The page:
We just launched an update to Webmaster Tools that helps webmasters debug how pages could be rendered by Googlebot.

Main takeaway from me: watch what you block with your robots.txt
Webmaster level: all. The Fetch as Google feature in Webmaster Tools provides webmasters with the results of Googlebot attempting to fetch their pages. The server headers and HTML shown are useful to diagnose technical problems and hacking side-effects, but sometimes make double-checking the ...
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28 comments
 
Hello,
Did you change quota of 500 URL submissions per week to 500 URLs per month, or it's just an error?
 
Excellent. Can't wait to start using this.
 
Das war eine gute Idee - vielleicht sollte man die Sachen die nicht geladen werden können aber unkritisch sind mit grün markieren wie die Google Analytics Tracking Codes etc.
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John,

I am not blocking anything on one of my sites, but Fetch and Render says Google Fonts API is blocked by robots.txt.  What is going on there?

There are no reported crawl errors on this site.
 
Yeh, I agree with +Barry Schwartz here. It's all well and good saying don't block anything that contributes to the visuals of your website but we use Google API's fonts and maps - all of which are blocked at Google's end so not really a lot we can do about that and Google contradict there own advice.
 
Yes, that's why we said "meaningfully contributes to your site's visible content, or to its layout" -- some of these elements do have some effect, but they tend not to significantly / meaningfully change the content. For example, the fonts just change the font that's used - the content is there just the same. Similarly, things like Analytics code, counters, etc all don't change the content at all, so that's fine too. If these are the only kinds of blocked resources you're seeing, you're doing a great job & deserve a coffee, tea, or cookie :-)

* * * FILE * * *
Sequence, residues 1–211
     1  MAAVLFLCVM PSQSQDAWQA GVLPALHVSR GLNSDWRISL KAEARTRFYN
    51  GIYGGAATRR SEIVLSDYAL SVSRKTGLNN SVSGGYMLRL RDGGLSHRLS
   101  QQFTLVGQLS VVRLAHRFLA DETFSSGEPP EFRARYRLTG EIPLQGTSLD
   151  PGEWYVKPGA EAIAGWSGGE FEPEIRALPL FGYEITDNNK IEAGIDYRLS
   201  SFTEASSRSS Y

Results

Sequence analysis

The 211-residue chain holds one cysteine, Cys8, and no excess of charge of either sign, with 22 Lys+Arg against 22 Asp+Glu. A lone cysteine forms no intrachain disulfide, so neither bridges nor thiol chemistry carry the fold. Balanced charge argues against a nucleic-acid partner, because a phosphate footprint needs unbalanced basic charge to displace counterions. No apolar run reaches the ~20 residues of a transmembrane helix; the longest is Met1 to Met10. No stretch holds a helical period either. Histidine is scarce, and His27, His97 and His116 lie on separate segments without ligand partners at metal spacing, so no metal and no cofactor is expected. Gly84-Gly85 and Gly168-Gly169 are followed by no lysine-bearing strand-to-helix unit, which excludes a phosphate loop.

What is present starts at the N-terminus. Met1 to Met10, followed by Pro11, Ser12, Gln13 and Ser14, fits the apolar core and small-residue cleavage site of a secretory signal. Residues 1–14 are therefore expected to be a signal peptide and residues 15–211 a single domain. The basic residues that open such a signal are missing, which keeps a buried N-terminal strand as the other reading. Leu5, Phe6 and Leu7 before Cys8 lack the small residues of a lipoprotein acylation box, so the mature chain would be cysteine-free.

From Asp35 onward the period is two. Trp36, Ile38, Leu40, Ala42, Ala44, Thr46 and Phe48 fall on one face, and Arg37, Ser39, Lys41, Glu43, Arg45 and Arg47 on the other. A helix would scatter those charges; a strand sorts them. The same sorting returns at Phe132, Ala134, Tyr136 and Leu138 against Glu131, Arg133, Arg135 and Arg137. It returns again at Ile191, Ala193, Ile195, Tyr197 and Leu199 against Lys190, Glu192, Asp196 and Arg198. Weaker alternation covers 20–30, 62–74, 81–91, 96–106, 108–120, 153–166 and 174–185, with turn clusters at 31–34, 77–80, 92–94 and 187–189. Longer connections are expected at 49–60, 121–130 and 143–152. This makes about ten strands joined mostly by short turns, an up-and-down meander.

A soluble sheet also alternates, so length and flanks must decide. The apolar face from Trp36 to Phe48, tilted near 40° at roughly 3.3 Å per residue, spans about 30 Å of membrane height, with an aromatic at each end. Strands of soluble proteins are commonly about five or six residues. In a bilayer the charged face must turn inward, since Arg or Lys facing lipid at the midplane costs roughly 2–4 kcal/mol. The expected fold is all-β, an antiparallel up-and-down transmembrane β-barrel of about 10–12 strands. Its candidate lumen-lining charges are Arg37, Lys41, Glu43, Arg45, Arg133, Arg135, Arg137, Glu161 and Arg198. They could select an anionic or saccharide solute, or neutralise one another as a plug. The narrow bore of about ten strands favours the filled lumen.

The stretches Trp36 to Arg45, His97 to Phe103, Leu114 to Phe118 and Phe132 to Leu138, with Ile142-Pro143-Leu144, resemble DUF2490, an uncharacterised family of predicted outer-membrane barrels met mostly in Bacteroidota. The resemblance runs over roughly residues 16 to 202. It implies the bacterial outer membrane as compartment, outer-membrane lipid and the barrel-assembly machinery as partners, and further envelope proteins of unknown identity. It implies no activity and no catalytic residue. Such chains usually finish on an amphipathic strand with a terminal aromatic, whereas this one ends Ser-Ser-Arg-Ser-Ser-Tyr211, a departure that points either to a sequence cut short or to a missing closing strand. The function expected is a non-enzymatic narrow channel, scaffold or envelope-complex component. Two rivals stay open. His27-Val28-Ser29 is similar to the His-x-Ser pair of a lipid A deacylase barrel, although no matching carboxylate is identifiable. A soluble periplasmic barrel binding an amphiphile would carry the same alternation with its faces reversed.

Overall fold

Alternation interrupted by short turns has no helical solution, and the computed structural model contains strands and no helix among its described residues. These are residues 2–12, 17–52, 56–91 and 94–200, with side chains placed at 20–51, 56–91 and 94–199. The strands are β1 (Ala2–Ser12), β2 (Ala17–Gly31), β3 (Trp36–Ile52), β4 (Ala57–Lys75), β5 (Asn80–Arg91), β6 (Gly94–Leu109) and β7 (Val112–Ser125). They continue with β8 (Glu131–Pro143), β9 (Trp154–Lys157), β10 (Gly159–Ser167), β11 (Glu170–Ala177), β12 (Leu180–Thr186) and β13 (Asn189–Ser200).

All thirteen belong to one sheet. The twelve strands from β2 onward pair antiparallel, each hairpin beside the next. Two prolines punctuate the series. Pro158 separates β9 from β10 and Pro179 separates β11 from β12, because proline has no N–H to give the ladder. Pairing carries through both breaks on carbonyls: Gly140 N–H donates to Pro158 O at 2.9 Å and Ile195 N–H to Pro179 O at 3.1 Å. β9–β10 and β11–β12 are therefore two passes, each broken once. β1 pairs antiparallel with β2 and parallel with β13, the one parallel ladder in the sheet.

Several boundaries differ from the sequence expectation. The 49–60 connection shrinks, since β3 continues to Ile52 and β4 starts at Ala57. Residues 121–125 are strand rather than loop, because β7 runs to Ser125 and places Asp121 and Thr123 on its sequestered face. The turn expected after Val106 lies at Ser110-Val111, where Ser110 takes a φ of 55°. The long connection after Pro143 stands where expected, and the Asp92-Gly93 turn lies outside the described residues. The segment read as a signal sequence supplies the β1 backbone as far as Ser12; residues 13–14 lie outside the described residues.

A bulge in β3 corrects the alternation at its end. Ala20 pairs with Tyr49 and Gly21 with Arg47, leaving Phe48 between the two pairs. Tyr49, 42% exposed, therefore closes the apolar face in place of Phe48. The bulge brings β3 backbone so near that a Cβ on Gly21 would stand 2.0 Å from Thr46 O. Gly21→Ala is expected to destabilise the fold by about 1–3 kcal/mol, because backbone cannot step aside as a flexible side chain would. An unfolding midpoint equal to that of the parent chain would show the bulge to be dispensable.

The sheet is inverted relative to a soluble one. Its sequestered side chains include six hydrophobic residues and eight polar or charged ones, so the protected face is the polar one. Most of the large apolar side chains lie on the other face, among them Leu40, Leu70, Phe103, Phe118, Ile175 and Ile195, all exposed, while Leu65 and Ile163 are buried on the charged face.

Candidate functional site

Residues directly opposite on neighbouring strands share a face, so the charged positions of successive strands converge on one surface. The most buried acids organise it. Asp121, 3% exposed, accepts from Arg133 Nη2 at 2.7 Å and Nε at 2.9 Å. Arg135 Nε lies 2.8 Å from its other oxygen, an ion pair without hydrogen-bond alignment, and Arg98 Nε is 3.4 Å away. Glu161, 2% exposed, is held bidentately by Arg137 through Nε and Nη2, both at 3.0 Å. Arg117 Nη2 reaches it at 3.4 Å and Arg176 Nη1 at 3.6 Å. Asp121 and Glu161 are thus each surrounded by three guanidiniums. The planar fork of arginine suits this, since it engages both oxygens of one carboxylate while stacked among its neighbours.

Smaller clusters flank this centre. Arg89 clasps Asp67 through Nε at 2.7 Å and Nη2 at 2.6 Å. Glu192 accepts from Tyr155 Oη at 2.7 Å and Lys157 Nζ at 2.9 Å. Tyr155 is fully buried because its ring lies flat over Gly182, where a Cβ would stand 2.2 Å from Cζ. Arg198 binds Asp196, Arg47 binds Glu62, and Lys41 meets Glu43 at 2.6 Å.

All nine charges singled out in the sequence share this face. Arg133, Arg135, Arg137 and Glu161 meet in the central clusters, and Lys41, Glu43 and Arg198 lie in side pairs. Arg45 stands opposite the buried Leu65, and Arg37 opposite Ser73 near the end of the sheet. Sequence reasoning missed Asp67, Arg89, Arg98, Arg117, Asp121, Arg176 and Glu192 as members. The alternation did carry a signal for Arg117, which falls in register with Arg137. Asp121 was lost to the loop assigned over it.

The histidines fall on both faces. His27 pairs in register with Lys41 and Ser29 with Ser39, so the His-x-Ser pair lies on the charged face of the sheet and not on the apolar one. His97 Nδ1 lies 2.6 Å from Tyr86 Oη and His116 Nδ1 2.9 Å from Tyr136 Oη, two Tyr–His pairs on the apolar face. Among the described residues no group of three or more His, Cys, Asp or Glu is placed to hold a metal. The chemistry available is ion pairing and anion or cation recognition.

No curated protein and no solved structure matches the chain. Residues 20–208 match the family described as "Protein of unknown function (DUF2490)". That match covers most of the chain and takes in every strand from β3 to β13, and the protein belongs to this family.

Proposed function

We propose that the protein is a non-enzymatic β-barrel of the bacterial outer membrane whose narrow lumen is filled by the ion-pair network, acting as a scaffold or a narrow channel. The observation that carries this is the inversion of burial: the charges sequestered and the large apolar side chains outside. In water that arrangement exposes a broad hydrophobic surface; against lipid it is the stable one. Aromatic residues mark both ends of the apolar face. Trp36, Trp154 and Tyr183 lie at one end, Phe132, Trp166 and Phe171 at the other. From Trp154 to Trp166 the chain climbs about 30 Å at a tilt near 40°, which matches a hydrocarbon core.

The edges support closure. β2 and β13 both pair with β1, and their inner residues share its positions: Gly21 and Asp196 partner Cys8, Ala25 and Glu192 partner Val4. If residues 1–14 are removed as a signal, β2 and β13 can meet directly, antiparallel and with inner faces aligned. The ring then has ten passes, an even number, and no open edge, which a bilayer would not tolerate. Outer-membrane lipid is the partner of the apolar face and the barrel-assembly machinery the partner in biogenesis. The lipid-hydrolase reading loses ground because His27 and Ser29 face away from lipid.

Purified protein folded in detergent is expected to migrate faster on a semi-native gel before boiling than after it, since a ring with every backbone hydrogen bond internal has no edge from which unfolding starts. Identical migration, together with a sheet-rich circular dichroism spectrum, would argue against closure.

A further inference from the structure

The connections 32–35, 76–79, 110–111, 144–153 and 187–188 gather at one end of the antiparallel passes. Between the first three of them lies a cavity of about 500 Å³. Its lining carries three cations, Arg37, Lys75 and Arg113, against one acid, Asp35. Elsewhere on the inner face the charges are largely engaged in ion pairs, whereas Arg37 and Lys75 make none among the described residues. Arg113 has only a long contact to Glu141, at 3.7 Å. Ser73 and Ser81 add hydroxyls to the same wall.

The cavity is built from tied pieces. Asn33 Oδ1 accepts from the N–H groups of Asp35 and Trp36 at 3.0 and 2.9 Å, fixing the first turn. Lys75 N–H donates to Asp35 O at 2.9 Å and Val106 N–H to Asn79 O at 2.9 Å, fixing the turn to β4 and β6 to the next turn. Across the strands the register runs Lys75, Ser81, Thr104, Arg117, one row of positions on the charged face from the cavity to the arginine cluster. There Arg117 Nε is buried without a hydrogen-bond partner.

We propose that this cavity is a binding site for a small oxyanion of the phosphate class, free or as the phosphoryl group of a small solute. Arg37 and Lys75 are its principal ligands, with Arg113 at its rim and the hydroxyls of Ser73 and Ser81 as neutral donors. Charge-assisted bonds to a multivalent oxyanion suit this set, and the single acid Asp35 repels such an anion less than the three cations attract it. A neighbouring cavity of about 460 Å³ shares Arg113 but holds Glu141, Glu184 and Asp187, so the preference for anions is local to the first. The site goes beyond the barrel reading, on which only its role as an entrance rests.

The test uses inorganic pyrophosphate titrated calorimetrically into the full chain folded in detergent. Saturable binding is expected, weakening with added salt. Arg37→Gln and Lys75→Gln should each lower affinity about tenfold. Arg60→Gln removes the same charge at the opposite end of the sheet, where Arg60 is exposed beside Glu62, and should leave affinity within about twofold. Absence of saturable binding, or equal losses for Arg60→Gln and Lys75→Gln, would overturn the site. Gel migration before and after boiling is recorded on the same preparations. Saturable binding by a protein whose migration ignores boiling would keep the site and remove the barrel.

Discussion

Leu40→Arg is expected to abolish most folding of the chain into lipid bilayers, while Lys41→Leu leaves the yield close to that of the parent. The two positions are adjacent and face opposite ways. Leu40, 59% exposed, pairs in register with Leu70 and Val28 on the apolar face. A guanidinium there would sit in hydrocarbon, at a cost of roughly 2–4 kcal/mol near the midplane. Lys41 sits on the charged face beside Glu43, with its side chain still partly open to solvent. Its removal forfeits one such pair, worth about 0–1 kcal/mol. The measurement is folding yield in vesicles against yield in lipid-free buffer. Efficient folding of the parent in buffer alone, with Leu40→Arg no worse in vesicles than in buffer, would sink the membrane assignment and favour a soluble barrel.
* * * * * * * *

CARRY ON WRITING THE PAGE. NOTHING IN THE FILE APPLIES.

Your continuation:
The bigger issues we see are when sites use JavaScript to pull in content, or when they use CSS to significantly change their layout, and because these things are blocked, we can't count any of that for the site. Similarly, sometimes AJAX/JSON request URLs are blocked, and prevent us from fetching the content that browsers would see. We'd love to rank your pages for that content, if only we could crawl it!  
 
Thanks for clarification +John Mueller - the weird thing is though, after fetch and render, the page Google showed looks nothing like our actual website - yet it was only the Google resources that it showed as being blocked.

Looks like some more digging into this will be required :)
 
I'm happy to take a look if you send me the URL. Maybe things are timing out? Maybe you're accidentally cloaking to Googlebot (eg using JavaScript to check the user-agent and serve slightly different content)? It's always good for us to have examples, if you're able to share the URL.
 
+John Mueller Is or will the JS rendered content appear in the google cache, or when 'viewing as text only' version? 
 
+John Mueller I mostly build sites using Wordpress and by default Wordpress blocks access to wp-includes. Should I be concerned enough to create my own robots.txt and give Google access to this folder?